Words and images by Yael Cohen
A lot has been said about the color blue, I’ll hardly be the first. This isn’t to say this is an analysis of blue as a color, or blue as an emotion. But blue as perspective — the color of distant vaporous memory, opaque and often hindered — blue that moves. To illustrate my point, I have to begin with a tracing. To frame a lighthouse, a flower vase, a day in fall — a vision of the mundane in a steady flow that proves to be significant.
Soon it’ll be March again. I’ve never thought much of summaries, quite the opposite actually — I often find it rather hard to let go. But after a year in which most things felt out of reach, I admit the pull of a retrospect seemed in order. In my nostalgia-laden pursuit, I scrolled through my notes app and found an entry from December 2017. It is a list of my year in photos; a visual diary of the past imperfectly logged and the future uncertain in which twelve photos and a few lines became a chronicle of themes: photos of ice cream dripping down my wrist, a visit to my hometown, and the repeated horizon line — blue in the fading summer light. These moments seem quite quotidian and equally impossible to revisit. Some snippets pertain all the same: “we walk a lot,” or “unbearably hot.” I scroll through again, this time taking a closer look, as this past year has so carefully instructed:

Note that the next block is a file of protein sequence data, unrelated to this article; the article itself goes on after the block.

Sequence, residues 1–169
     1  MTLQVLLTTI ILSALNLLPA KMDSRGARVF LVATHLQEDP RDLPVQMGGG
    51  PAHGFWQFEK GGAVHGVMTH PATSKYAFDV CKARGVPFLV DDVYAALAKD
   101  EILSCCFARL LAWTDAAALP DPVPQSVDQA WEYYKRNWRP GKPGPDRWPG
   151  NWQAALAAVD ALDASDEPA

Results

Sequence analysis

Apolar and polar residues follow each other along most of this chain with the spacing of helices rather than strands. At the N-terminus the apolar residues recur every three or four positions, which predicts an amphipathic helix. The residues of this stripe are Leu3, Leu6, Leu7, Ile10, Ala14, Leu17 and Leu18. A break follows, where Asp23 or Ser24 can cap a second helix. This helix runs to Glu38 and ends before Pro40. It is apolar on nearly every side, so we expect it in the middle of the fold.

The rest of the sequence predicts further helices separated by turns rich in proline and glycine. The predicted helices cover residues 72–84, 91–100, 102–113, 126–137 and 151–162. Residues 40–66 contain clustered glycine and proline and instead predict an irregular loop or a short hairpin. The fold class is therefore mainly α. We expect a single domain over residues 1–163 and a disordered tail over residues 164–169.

January, “In his room, he has pink and blue balloons for me.” May, “My mother always has flowers in my room when I visit, purple in the blue light.” June, “In Montauk taking in the sun. The blue seems endless.”
Most notable was the presence of blue, abundant and at times overwhelming. And yet, discovering a repeating thread weaving my memories together, I felt completely enchanted. Blue had often presented itself to me as an index of perspective. Maggie Nelson’s Bluets guided me through heartbreak and has since become a part of me, Pablo Picasso’s somber monochromatic portraits of his Blue Period configured my view of modern art, and Rebecca Solnit’s Blue of Distance, from which this essay borrowed its name, offered numerous late-night thinking. So what to make of this blueness? Not a sacrosanct, but some kind of tincture. Perhaps to push towards a more specific truth.
To be completely transparent, I wanted more than just the propensity to seek levity. I wanted to avowedly confront this missing when this blue appeared. It’s been nearly two years since I’ve visited home and almost a year since I’ve been to the opposite coast. I felt like I had been living life from afar. “I’m too tired and I miss you too much”, Simone de Beauvoir wrote in a letter to her lover and summarized my sentiment. It’s a tangible feeling this missing, more often seemingly without end and maybe so.
Immersed in all things blue, poetic or quite literally, I came across a butterfly sketch Vladimir